Assuming that you are able to cache network files, the indexing process happens automatically. If you look at the left window in Figure D, you can see that offline files have been automatically included in the index locations (offline files are added to the list on a per user basis, so there are two separate listings). The window on the right shows what happens when you click the Modify button. As you can see, there is no granularity for indexing the offline file cache. You must either index all of the offline files or none of them.

Figure D: Offline files are automatically included in the index

Now that I have shown you how to index network drives, I want to wrap things up by showing you one more thing that is new to Windows 7. If you look back at Figure C, you will notice that one of the search options is something called libraries. Windows 7 creates four libraries by default; Documents, Music, Pictures, and Videos. You also have the option of creating your own custom libraries.

Windows Vista provided each user with a Documents, Music, Pictures, and Videos folder, but these folders are different from libraries. In Vista, the Documents, Music, Pictures, and Video folders are just that – folders. A Windows 7 library is not a folder, but rather a collection of folders.

If you look at Figure E, you will see that I have right clicked on the Pictures library, and chosen the Properties command from the shortcut menu. The resulting properties sheet shows all of the folders within the Pictures library. You will also notice in the dialog box that the library has been specifically optimized for pictures, which affects the way that the library contents are displayed. The dialog box also shows you the total size of the library.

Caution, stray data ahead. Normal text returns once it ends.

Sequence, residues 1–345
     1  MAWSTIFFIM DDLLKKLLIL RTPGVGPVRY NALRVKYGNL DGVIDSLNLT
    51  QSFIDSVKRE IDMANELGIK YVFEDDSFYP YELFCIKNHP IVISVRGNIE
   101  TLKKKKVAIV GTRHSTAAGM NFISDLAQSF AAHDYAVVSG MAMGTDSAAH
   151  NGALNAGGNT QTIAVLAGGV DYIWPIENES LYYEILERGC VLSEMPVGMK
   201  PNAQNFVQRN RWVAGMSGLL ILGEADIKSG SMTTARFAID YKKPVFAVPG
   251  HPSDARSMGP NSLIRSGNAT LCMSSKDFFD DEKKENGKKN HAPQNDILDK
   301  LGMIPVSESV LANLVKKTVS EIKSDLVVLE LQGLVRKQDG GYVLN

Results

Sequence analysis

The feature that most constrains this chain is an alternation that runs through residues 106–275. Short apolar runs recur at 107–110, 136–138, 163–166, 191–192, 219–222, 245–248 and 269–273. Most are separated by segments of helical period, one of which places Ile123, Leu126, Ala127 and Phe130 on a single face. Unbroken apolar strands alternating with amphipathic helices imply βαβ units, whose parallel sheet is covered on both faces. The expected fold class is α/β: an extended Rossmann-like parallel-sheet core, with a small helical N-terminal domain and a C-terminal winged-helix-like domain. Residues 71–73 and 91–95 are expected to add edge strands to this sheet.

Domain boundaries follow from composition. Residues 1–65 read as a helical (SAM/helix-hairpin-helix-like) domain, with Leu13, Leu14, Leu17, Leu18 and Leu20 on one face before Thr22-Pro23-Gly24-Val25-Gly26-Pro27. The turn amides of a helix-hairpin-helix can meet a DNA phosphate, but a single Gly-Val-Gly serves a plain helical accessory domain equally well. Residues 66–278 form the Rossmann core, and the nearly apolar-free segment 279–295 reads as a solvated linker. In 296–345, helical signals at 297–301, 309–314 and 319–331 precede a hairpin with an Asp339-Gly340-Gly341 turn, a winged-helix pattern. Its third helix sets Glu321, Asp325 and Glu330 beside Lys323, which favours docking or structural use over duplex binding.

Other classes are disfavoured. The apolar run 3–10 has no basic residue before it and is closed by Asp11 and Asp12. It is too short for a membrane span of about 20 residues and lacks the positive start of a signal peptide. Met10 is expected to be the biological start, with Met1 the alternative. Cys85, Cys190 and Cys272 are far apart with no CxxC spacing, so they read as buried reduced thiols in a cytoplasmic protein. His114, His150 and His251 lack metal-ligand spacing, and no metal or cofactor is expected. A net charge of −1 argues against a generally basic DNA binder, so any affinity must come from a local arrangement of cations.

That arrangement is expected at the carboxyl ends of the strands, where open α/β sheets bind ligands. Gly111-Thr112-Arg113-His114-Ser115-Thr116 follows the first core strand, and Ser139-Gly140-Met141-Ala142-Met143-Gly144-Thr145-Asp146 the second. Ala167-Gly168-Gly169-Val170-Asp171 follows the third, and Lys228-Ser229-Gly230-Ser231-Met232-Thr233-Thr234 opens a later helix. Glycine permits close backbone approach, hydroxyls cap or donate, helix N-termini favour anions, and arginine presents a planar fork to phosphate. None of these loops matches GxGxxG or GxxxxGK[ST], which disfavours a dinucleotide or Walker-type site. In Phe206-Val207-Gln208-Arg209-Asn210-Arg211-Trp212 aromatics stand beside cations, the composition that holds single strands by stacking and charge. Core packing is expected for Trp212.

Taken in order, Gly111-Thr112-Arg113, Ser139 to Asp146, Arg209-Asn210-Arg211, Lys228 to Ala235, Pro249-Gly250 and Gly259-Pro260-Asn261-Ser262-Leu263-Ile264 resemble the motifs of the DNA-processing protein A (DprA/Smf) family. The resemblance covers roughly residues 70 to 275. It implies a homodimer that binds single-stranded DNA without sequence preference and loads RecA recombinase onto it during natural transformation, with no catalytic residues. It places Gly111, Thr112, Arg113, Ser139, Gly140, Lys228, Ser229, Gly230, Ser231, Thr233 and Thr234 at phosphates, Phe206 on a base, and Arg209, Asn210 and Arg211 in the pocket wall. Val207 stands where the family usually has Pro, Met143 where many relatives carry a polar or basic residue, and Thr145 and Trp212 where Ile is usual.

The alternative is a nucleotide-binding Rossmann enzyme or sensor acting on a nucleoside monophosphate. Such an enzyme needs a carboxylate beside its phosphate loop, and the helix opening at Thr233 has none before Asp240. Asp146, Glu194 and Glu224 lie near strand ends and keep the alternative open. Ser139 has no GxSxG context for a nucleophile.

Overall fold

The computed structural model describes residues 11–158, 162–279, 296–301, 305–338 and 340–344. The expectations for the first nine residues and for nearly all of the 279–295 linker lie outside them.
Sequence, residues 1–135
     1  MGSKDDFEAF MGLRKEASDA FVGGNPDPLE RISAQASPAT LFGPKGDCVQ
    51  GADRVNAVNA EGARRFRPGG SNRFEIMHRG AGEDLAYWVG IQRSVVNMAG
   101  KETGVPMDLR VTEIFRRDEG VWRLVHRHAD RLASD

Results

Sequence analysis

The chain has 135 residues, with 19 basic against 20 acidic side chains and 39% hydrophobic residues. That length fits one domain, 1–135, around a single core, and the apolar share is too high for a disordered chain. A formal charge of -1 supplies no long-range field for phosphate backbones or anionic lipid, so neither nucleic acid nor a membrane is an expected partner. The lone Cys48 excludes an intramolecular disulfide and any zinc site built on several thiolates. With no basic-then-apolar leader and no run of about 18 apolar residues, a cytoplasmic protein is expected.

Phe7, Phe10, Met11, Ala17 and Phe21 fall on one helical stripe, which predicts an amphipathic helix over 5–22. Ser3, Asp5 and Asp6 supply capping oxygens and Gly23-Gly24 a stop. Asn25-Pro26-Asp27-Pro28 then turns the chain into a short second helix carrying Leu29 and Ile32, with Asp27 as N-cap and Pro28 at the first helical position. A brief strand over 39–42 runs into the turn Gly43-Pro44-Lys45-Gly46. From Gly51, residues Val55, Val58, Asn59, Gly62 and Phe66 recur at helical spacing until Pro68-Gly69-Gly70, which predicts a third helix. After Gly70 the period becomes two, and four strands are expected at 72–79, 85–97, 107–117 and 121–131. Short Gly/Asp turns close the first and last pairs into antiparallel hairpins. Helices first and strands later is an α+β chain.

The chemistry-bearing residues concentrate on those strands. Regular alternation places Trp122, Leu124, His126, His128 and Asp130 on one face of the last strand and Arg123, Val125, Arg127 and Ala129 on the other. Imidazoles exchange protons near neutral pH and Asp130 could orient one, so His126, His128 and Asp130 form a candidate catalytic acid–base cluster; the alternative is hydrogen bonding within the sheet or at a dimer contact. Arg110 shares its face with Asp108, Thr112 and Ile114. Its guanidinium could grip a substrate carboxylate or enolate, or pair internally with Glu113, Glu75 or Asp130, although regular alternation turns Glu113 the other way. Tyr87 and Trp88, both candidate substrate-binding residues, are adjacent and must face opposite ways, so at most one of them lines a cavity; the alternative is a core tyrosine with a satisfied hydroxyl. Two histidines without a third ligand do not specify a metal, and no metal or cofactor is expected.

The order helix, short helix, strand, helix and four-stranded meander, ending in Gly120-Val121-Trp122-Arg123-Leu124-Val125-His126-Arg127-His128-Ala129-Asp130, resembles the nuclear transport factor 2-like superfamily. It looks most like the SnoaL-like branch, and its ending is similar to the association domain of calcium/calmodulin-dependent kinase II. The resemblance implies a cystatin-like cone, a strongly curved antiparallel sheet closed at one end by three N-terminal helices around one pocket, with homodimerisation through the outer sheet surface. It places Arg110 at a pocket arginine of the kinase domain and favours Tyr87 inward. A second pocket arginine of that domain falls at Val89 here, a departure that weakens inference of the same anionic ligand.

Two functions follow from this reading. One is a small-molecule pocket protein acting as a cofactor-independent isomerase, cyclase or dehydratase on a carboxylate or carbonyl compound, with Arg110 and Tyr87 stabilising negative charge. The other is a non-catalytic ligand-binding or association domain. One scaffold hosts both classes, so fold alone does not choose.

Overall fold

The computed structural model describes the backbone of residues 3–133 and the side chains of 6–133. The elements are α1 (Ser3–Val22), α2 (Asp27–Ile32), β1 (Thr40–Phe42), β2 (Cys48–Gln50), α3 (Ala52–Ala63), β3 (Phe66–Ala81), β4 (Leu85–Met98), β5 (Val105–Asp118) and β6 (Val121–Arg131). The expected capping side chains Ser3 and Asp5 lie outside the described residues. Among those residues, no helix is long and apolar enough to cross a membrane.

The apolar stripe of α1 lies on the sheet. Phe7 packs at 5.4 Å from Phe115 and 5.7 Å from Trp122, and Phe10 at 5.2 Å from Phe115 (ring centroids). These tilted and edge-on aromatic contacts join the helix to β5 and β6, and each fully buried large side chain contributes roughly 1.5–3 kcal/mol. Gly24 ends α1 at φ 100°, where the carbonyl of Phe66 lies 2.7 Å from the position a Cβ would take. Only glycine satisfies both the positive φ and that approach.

Figure E: Libraries are collections of folders

So what does all of this have to do with searching? Well, as you will recall from Part 1, a general search returns all different types of data. A single search might include E-mail messages, documents, and music within the search results. Sometimes though, you may need an easy way of refining the search results.

Suppose for a moment that I wanted to do a quick search for my pictures from my trip to Antarctica. If I performed a general search, the search would likely find the pictures, but it would also return every E-mail message that was ever sent back and forth between me and my travel agent. It would also find documents such as my trip itinerary and insurance forms. If I am just trying to show my pictures to a friend, then I do not need all of that. Instead, I can search the Pictures library. The Pictures library knows which folders contain pictures, and it ignores all other folders.

It is worth noting that libraries are nothing more than collections of folders. If you delete a library, you are not deleting your data because a library does not contain any actual data other than shortcuts to the specified folders. It is also worth noting that libraries can only include folders that have been indexed.


As you can see, the Windows 7 Search feature is very powerful. Sadly though, if you want to index network locations then you will be forced to cache the locations that you want to index. Searches of network volumes are still possible even without indexing those locations, but require a bit more effort than a typical search.

If you would like to read the other parts in this article series please go to: